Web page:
Rishon Blumberg: Well, their purpose. I think that that’s something that I don’t think we can gloss over that. It’s also something that I think high achievers are in general. So I think there’s something in common with being a very high achiever and Millennial and Gen Zs, which is that they’re purpose driven. They want to know what kind of difference they’re making. And that’s why we emphasize heavily how important culture is in a company and how important from the top down the messaging needs to be, because that is part of the allure. Culture can be really sexy even at an HVAC company. If you treat people well, if you put forth very clearly what your purpose is, we’re here to help ensure that people don’t burn up, like in Portland at 113 degree temperatures, we want to have, we want to make sure that the HVAC in people’s homes are always working, that the downtime is limited because people suffer from that.
Rishon Blumberg: When you start connecting, as Michael mentioned earlier, the why of what the company does. I think you can really attract a different type of employee. I mean, in reality, I think what you’re talking about in the field service businesses is very much like a concierge business where something goes wrong and the person that it goes wrong for, wants somebody to come there and solve their problem with a smile and make them feel better. They want to be made whole and that requires obviously a lot of technical skill, but it requires a lot of EQ. It requires the emotional capacity, the empathy to understand the pain that they’re going through. I had a great experience recently with my cable provider. And I’ve been with the same cable provider for probably 15 years.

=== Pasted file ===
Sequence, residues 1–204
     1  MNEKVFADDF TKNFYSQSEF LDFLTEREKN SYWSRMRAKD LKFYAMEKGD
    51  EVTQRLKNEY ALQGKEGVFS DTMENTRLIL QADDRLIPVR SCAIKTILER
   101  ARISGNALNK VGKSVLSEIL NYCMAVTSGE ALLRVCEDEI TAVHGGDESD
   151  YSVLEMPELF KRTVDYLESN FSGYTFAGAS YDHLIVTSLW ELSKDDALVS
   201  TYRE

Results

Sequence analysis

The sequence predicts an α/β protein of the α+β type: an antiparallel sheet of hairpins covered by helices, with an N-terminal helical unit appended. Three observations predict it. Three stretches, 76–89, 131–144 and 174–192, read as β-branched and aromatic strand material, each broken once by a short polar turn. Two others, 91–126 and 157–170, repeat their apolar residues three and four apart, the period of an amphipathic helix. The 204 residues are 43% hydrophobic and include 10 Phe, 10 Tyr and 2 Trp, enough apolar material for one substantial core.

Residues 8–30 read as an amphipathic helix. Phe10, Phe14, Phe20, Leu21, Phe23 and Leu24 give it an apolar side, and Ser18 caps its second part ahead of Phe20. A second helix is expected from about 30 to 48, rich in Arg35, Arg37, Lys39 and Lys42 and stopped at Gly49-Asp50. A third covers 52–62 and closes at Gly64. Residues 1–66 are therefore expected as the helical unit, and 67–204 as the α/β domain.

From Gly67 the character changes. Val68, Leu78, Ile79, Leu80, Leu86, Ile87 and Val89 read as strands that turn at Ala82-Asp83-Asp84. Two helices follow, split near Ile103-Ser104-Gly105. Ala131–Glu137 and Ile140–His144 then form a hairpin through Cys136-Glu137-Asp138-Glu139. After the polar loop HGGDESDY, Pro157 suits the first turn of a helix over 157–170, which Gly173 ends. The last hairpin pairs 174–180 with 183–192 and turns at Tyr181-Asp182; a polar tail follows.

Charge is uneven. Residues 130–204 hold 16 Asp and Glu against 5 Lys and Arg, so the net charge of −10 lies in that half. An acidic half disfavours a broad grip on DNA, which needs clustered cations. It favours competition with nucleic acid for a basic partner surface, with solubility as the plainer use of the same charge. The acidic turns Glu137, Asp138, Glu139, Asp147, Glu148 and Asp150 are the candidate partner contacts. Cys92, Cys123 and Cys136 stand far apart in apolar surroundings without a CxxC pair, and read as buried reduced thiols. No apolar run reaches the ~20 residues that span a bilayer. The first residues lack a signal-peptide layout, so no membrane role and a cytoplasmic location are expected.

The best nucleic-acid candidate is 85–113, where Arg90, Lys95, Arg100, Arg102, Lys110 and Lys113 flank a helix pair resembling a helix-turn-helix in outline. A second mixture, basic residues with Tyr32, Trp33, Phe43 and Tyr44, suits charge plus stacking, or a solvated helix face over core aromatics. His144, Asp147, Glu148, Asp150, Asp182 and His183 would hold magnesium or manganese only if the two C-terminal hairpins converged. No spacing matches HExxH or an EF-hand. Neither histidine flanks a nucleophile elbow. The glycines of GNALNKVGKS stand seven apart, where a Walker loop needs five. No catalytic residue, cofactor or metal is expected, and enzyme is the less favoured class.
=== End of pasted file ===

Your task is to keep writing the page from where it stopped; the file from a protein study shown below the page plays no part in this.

Rishon Blumberg: I’ve seen a conscious effort and differentiation to make the quality of service better, to make it feel like they actually care that I’m having an issue. And that’s got to be from the top down. That is a cultural shift at that company. And that is a huge differentiator. So that’s what I would say is the number one takeaway.
Michael Solomon: I think to the point you’re making, and this is going back to what we were saying earlier, is if you’re interviewing somebody and you now know that they’re mission driven, they care about the what and the why, if you’re an HR person, and you’re still sitting there telling them about the benefits and the money is this, and you get two weeks and you’re not talking about, “We save lives. We want to make sure people don’t die in heat waves and cold snaps. And this is essential work, and we’re not often thought about that way.” And you can connect that to that person and make them feel like, “Oh my God, I’m going to be a frontline person. I’m going to be saving lives.” I’m being a little bit hyperbolic with all of this, but there’s actually truth to it. I mean, I happened to-